Fire at large landfill near Panama’s capital emits cloud of toxic fumes
Panama City, Feb 14 (EFE).- A new fire at Panama’s largest landfill has released a large cloud of toxic fumes that is affecting a portion of this capital, authorities and environmental activists said Tuesday.
Firefighters are still working to extinguish the blaze that began on Monday afternoon at Cerro Patacon, a landfill located to the northwest of Panama City, according to official reports.
“Last night we had five (firefighters) affected by smoke inhalation,” the captain of the Panama Fire Department’s suppression, search and rescue division, Danilo Ortega, told Efe. “It’s complicated because there’s a lot of toxic organic and chemical (fumes) emanating from this (landfill) fire.”
Authorities warned the fumes could reach Panama City and cause respiratory problems, especially among children, the elderly, patients with heart conditions and people with weakened immune systems.
They therefore urged people to stay away from the area and seek medical attention if they experience any related health issues.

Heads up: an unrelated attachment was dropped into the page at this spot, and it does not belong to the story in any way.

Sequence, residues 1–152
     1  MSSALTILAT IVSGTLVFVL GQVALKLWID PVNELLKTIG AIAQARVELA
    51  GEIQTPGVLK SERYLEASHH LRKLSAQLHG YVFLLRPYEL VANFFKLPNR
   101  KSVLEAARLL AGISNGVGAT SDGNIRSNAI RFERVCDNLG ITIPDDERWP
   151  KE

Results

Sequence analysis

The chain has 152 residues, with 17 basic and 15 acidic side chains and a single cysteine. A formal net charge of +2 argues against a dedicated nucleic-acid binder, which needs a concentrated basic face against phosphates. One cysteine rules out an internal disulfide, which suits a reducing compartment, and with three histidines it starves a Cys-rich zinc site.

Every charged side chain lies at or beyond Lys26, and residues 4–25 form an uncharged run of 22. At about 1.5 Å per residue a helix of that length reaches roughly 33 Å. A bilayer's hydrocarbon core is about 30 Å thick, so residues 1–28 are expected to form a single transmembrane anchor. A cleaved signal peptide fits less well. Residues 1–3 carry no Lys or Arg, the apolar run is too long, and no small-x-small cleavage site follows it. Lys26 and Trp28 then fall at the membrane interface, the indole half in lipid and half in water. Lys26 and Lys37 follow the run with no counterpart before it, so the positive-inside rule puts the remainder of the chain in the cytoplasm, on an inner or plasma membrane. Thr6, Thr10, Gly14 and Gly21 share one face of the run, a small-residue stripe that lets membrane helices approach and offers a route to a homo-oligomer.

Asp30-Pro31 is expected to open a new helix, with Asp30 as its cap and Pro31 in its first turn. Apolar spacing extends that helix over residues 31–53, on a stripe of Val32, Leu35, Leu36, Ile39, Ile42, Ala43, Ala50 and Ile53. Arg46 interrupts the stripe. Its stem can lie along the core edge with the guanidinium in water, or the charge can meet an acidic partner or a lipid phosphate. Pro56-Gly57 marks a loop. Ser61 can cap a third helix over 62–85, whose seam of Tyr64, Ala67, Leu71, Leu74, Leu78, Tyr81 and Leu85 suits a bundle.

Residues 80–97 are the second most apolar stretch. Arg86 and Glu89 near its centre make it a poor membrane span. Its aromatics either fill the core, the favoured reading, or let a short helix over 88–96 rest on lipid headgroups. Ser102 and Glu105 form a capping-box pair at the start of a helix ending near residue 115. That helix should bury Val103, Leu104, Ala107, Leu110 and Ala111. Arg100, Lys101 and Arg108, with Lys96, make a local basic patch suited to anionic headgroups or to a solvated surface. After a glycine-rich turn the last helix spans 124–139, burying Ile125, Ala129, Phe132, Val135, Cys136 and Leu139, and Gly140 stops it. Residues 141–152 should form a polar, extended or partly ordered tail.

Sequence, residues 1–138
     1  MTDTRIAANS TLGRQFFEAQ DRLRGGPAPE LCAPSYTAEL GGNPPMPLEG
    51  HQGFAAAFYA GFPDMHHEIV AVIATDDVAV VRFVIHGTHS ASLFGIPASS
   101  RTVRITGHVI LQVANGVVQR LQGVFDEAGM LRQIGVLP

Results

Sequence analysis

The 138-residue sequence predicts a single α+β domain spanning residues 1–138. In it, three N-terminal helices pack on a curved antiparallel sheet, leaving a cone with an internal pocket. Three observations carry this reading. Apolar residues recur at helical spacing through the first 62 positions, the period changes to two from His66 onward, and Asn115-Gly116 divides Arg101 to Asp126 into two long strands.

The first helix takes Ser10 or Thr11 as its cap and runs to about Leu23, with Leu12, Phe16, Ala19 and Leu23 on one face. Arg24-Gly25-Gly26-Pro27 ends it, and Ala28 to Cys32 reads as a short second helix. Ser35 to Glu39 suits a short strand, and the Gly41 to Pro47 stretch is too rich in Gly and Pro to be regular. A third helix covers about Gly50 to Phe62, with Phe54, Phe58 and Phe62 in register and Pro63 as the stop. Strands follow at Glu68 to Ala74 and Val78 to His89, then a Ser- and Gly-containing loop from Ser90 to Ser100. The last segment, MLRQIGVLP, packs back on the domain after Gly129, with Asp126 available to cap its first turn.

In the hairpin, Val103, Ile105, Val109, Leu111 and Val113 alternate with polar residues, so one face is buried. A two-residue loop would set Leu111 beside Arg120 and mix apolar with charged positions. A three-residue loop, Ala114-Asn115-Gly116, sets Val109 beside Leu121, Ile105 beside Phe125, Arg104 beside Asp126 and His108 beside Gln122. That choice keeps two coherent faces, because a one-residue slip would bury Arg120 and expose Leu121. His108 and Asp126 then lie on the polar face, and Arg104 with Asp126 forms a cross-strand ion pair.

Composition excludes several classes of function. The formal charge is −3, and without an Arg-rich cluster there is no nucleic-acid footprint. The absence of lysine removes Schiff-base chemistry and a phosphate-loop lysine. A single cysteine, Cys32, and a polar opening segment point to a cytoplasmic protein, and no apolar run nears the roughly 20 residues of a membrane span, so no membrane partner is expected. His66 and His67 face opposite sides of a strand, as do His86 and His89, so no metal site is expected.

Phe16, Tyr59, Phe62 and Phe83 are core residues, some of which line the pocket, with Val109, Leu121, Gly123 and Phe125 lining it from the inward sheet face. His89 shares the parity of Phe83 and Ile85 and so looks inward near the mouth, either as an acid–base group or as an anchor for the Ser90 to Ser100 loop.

Panama’s Institute of Meteorology and Hydrology warned Monday night about the spreading smoke, which was moving to the south of the landfill due to stable winds of 22 kilometers (13.5 miles) per hour.
“Combustion of these materials generates dioxins and furans, as well as particulate material that directly affects communities near the site. In Panama, the wind blows from the north and basically spreads those gases over the city,” Isaias Ramos, of the Environmental Advocacy Center, told Efe.
Although the cause of the fire is unknown, the Panamanian Environment Ministry’s director of environmental performance verification, Miguel Flores, told Efe that “dangerous substances” on Cerro Patacon could have been responsible for the blaze.
“Since, generally speaking, proper management has been lacking for daily (landfill) covering and compacting and avoiding or reducing the risk of fire, we can’t be entire certain of the causes,” Flores said.
He added though that “if all goes well and the weather cooperates” the fire may be extinguished by the end of the day.
Both Flores and Ramos said blazes occur regularly at landfills in Panama and recalled that a serious fire raged at Cerro Patacon for nearly a week in 2013.
“It’s a recurrent situation year after year, in that and other landfills. It stems from inefficient waste management in Panama. No government has been willing to adequately manage and reduce waste,” Ramos said.
Besides affecting people, both experts said the environment also is at risk because the fire, the ashes and the toxic fumes affect vegetation, the soil and nearby water resources. EFE